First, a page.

• c. loading the API-containing supernatant of step (b) containing API on a first anion exchange resin with a buffer solution having pH and conductivity such that API is retained on the first anion exchange resin;
    • d. eluting an API-containing fraction from said first anion exchange resin with the same type of buffer as in step (c) having adjusted pH and conductivity;
    • e. loading the API-containing fraction of step (d) on a cation exchange resin in said same type of buffer having appropriate pH and conductivity such that API is not retained on the cation exchange resin;
    • f. collecting the flow-through of step (e) that contains API;
    • g. loading the API-containing fraction of step (f) on a second anion exchange resin with said same type of buffer having appropriate pH and conductivity such that API binds to the second anion exchange resin;
    • h. eluting API from said second anion exchange resin with said same type of buffer having adjusted pH and conductivity to obtain a solution containing purified, active API.

This process provides API fractions of at least about 90% API out of the total protein; often providing fractions of greater than about 95% pure API; and can achieve fractions of 99% pure API. Of the API, at least 90% is active. At least 95% active API is also achieved. Activity of API is measured by trypsin inhibition as exemplified herein below.

It has been previously disclosed that anion exchange chromatography is the principle stage in which active API is separated from inactive API, (U.S. Pat. No. 6,093,804). However, the method described in said US patent, adjusted to a small to mini-scale production, utilizes various buffer types to achieve such separation (loading the anion exchange with non-citrate buffer and eluting an API-containing fraction with citrate-based buffer). The present invention provides a process which meets the requirements of large-scale production, one of them being the use of minimal number of different solutions. The present invention therefore discloses the use of one type buffer in all chromatography steps, while adjusting the pH and conductivity of the buffer as required throughout the various process steps.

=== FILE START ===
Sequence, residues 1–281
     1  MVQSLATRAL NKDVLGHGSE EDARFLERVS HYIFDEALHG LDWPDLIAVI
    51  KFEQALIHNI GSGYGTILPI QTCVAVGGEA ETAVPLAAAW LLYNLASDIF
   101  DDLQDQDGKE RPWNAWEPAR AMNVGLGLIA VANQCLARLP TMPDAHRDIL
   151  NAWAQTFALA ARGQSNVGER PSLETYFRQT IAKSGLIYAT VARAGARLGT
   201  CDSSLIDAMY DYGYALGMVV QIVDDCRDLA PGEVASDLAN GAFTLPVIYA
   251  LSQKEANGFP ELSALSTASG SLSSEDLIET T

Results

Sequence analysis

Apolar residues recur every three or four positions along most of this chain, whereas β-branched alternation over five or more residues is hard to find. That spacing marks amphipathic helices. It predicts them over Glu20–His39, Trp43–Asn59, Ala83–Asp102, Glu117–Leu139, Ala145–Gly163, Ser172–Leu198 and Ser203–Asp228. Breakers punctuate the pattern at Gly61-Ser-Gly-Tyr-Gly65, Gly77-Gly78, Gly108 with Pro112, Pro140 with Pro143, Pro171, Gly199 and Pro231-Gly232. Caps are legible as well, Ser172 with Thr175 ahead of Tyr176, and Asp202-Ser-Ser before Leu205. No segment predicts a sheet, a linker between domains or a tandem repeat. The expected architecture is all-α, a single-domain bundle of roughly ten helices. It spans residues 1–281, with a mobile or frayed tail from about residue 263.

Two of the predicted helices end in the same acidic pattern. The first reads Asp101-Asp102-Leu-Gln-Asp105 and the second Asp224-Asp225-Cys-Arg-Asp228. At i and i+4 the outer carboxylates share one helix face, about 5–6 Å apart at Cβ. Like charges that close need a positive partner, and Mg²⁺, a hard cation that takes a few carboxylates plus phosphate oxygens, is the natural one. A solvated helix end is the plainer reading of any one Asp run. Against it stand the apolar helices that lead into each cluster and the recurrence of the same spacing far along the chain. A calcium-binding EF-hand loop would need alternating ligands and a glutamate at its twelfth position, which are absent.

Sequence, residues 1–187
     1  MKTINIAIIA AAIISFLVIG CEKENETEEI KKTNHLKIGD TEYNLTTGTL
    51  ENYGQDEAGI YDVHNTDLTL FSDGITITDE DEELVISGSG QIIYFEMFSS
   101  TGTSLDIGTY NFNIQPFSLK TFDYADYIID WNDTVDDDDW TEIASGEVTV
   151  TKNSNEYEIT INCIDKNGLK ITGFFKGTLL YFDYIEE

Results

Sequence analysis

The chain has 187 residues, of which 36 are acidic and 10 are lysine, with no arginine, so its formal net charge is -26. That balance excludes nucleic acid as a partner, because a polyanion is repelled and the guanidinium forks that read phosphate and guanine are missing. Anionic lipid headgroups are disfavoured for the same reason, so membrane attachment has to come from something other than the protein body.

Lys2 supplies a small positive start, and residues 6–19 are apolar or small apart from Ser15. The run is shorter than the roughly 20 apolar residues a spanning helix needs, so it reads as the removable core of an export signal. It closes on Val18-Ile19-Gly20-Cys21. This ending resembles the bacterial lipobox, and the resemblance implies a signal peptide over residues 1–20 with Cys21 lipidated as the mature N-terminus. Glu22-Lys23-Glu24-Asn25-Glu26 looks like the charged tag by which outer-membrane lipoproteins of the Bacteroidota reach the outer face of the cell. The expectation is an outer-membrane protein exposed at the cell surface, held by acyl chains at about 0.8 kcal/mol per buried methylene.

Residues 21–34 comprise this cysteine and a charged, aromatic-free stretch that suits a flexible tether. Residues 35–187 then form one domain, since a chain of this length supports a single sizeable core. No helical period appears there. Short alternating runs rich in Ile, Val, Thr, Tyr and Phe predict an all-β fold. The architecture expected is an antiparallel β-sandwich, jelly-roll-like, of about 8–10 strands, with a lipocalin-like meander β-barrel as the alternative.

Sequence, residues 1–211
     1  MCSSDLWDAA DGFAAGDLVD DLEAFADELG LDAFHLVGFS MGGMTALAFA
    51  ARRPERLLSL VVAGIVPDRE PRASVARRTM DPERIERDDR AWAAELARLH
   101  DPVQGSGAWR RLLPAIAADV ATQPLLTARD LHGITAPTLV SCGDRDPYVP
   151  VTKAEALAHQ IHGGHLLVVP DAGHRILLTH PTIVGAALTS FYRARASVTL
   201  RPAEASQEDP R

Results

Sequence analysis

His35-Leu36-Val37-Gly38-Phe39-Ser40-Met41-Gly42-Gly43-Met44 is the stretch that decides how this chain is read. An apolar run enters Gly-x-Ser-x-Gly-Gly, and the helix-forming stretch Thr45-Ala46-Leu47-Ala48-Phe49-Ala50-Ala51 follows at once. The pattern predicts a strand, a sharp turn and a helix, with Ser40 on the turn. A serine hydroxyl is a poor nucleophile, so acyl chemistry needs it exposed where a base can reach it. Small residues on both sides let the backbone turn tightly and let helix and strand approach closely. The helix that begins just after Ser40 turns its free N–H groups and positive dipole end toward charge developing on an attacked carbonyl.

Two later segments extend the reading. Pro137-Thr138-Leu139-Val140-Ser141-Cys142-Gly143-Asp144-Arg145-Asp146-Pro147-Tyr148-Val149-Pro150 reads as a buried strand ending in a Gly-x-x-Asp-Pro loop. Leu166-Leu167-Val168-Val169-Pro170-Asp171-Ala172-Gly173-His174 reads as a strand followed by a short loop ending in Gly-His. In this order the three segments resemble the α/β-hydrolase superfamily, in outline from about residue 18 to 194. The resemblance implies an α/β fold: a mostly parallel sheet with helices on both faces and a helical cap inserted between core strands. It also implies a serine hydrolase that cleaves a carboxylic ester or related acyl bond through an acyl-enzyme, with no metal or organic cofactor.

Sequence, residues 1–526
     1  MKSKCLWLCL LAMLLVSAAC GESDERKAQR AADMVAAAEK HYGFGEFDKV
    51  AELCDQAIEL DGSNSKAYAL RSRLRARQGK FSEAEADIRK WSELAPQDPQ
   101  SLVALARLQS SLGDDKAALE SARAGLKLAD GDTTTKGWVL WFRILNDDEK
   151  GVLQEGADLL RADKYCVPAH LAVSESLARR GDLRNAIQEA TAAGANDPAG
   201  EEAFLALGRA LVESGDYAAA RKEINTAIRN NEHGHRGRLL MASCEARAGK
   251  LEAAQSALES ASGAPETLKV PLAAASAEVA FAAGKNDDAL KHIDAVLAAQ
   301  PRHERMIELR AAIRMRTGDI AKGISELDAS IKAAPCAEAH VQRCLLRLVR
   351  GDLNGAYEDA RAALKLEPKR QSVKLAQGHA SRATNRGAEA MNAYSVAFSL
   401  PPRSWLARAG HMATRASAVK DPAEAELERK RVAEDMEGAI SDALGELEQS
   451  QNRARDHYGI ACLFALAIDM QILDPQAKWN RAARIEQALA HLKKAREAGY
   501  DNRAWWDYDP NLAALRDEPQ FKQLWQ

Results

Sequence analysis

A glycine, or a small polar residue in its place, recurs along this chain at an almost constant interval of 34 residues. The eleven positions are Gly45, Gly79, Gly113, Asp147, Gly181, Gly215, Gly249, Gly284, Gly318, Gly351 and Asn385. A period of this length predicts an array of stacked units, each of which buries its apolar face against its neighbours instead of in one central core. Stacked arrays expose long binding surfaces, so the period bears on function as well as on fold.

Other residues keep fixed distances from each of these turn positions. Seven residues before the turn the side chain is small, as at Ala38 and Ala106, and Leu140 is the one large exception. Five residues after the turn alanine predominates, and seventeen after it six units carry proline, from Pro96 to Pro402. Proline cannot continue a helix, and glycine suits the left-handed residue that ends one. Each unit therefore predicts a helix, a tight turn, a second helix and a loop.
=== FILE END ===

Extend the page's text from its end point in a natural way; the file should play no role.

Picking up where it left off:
According to one embodiment, the buffer is any suitable acid/salt combination that provides acceptable buffer capacity in ranges of pH required throughout the process of the present invention. According to preferred embodiments the process uses a buffer other than citrate-based buffer. According to one embodiment, the anion buffer is acetate. According to another embodiment, the buffer solution is sodium acetate.

The sterility of the preparations of the present invention is of major concern, as the product should be administered to humans for therapeutic purposes, in particular by intravenous administration or by inhalation. Although the plasma source material is examined for the presence of contaminating viruses, and a great effort is taken to exclude contaminated donor fractions, there is a need to further assure that the end product of the process would be virus-free.

According to one embodiment, the process of the present invention further comprises viral removal and/or viral inactivation steps. Viral reduction can be accomplished by several processes, including nanofiltration; solvent/detergent treatment; iodine inactivation, e.g., treatment with an iodinated ion exchange matrix material such as iodinated SEPHADEX™ (as disclosed in PCT applications WO 97/48422 and WO 97/48482); treatment with Pathogen Inactivating Compounds; heat inactivation; gamma irradiation; or any other suitable virucidal process.